I found myself looking through the lectures that Jamie had left on her blog a lot. Even looking through the design element pages helped me on both my type and dot compositions. I tried to pay extra attention to the elements as I continued the iterations in both classes, and work hark to make images that were both clear in their meaning and visually engaging. I've come a long way from the first set of black dots (comparing these compositions to the dots in my first viscom blog post, it's embarrassing how bad those are).

There are definitely things that could be improved about this book. That's not to say that I'm not proud of it though. I'm not very exact with measurements, and it's something that I need to continue to work on. Either that, or I need to get better at hiding my mistakes. I also wish that I had found some more imagery with similar colours to help tighten up the pages as a cohesive group. Looking through it now, I'm not too sure I'm ready to be any more critical of it yet. I just finished it today, and I'm still happy with it. I'll need to wait until after the critique and edit this.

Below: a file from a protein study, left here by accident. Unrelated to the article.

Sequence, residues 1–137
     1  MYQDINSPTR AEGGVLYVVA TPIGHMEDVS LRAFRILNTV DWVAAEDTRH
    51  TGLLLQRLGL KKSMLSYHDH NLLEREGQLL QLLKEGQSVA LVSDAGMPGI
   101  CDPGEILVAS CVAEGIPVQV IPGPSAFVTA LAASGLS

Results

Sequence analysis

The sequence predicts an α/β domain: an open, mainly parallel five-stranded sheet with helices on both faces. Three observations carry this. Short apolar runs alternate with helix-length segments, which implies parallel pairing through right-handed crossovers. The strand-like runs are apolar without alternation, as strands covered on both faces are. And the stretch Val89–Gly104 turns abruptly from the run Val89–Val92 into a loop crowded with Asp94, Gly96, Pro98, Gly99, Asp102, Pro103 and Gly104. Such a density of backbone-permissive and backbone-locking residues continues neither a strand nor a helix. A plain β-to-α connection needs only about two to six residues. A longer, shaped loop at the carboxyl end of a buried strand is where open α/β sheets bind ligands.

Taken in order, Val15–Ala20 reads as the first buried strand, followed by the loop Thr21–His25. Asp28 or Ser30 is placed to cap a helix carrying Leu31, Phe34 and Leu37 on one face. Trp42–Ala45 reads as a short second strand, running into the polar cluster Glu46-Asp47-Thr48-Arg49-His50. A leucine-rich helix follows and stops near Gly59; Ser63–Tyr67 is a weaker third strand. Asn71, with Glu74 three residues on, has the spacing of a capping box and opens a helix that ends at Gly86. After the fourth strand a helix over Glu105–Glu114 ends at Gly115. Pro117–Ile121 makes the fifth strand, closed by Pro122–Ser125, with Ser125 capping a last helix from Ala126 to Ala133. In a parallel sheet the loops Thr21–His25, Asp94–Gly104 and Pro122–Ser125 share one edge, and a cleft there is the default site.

September 18, 2009

Reading Response Transparency

While the dot compositions should be strong enough to convey the meaning of the word they represent without explanation, layering the text strengthens the piece and adds additional complexity. As the dots and text both progress and begin to come together in my book, it's really interesting to see how they begin to interact with each other when overlaid. Even though the arrangment of both are completely different, they all seem to work really well together, neither overpowering the other, and the information overlay seems to be working without any snags.

It will be very interesting to see what each page will look like once printed on the transparency. I tried to keep my ideas for the compositions of each half separate, to allow for some "magical" surprises to happen when they overlap. But I don't want to be too surprised, so at this point in the project I'm thinking of both parts when I work on the final compositions . I'm going to continue to refine both halves of the project to make sure than when added together, they are harmonious.

September 11, 2009

Project 1 Reading Response